Blen­ders take into con­sid­er­a­tion the prob­lems that come with high rpms, ex­treme loads and quickly ris­ing tem­per­a­tures, while also as­sess­ing film ver­sus bound­ary lu­bri­ca­tion. Crit­i­cal wear ar­eas, in­clud­ing en­gine bear­ings, camshafts, cylin­der bores and pushrod tips, need to be bal­anced against ox­i­da­tion, con­tam­i­na­tion and fuel di­lu­tion is­sues while main­tain­ing a low enough vis­cos­ity to min­i­mize power losses.

Tem­per­a­ture range, vis­cos­ity and wear are all fac­tors that not only blen­ders con­sider, but users should also. En­gine oil can ac­tu­ally aid, not hin­der, en­gine life and per­for­mance. Ad­di­tion­ally, some street/strip ma­chines and even all-out com­pe­ti­tion cars aren't run on a reg­u­lar ba­sis, so they can see long drain in­ter­vals. This can mean dry start-up, stor­age, ox­i­da­tion and wa­ter con­tam­i­na­tion, so more than mere per­for­mance con­sid­er­a­tions should be eval­u­ated.

Knowl­edge about the dif­fer­ent kinds of oil, ex­pe­ri­ence in dif­fer­ent types of mo­tor­sports, as well as close re­la­tion­ships with the best en­gine builders shows up in the re­sults you get. That car­ries over to dis­trib­u­tors as well, and it's im­por­tant to ask ques­tions to match the right oil to the cor­rect race ap­pli­ca­tion.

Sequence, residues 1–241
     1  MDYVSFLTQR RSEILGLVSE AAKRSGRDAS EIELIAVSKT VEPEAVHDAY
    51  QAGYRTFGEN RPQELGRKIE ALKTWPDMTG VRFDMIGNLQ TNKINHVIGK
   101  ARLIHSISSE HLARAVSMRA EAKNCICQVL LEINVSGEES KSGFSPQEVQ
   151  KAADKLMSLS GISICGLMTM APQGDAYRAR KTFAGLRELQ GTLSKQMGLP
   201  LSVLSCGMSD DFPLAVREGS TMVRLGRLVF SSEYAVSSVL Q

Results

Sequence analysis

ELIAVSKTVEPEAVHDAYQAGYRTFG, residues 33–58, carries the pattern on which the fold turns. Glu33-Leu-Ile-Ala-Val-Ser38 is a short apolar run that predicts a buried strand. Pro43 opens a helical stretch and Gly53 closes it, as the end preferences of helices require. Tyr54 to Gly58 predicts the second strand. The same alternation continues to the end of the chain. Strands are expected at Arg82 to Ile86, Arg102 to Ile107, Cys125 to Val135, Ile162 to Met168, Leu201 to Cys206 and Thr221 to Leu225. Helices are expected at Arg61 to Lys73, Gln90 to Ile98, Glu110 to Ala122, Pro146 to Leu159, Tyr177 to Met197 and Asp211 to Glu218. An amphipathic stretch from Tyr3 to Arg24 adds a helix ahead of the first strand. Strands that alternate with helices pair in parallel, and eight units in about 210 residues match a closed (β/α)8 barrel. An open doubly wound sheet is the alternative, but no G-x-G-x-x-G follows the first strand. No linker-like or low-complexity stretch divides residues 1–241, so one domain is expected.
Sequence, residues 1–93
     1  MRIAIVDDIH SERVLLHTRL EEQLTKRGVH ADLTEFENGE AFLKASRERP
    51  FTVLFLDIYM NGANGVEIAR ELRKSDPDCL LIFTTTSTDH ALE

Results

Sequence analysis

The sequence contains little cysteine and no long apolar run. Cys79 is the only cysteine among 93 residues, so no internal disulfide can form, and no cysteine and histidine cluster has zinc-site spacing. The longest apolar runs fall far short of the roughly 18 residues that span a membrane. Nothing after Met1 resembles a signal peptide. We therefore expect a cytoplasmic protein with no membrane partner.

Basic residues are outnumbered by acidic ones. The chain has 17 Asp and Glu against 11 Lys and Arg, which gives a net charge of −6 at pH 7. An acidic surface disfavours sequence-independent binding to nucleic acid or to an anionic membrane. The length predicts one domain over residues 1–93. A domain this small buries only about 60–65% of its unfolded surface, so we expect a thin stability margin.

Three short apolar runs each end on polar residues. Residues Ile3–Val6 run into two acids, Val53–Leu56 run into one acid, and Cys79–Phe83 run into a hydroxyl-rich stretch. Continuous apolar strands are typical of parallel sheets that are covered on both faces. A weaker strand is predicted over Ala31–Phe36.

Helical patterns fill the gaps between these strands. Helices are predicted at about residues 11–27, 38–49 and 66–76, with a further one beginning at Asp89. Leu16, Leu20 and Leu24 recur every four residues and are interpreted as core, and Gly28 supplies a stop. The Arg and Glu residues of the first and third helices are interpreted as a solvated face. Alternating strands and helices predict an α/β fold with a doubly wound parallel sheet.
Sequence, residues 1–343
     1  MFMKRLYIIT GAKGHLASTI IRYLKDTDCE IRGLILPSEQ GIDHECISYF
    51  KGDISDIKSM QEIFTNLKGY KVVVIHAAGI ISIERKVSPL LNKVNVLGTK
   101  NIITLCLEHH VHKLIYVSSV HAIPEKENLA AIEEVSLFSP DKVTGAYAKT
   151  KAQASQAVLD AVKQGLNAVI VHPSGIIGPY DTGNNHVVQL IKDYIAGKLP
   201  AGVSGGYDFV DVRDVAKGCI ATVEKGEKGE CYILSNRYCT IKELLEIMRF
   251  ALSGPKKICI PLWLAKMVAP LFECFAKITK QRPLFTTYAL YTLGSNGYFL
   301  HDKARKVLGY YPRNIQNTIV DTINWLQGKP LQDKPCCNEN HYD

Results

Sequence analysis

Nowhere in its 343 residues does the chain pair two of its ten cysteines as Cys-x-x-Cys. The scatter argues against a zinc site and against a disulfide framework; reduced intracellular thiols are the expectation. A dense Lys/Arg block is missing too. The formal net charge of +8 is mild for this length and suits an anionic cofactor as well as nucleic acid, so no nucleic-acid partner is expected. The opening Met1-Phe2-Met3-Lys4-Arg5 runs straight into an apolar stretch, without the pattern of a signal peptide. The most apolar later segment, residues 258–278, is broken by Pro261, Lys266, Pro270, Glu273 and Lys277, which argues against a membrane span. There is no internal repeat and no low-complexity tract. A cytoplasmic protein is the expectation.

It's a safe bet that most off-the-shelf en­gine oil mass mer­chan­dis­ers and In­ter­net jock­eys can't ad­e­quately ad­dress these con­cerns.

JUIC­ING UP AN OIL

Ad­di­tives are im­por­tant in that they also tai­lor an en­gine oil to rac­ing's unique en­vi­ron­ment. They can in­clude vis­cos­ity im­provers, dis­per­sants, de­ter­gents, an­ti­wear ad­di­tives, ex­treme pres­sure ad­di­tives, rust in­hibitors and anti-foam­ing agents.

Sim­ply said, vis­cos­ity im­provers are added to help pro­vide a bal­ance be­tween thick­en­ers and shear sta­bil­ity agents in the oil. Po­lar­ized dis­per­sants at­tract and en­ve­lope com­bus­tion soot, then keep it sus­pended so the oil fil­ter can do its job of clean­ing. De­ter­gents help neu­tral­ize acids and con­trol de­posits. Anti-wear agents, such as ZDDP, pro­vide anti-wear and an­tiox­i­da­tion prop­er­ties. Ex­treme pres­sure agents help pre­vent me­tal-to-me­tal weld­ing

and tear­ing. Be­cause of the high sol­u­bil­ity of wa­ter in al­co­hol-based fu­els, rust in­hibitors help com­bat wa­ter pro­duced dur­ing en­gine operation.

Most ad­di­tives, how­ever, are sac­ri­fi­cial in na­ture, mean­ing they can be used up. Com­bine this with the grad­ual process of oil ox­i­da­tion, con­tam­i­na­tion and vis­cos­ity change over time, and what's in your wet or dry sump sys­tem can lose its lu­bri­cat­ing qual­i­ties, even if the base oil it­self is still in rel­a­tively good shape.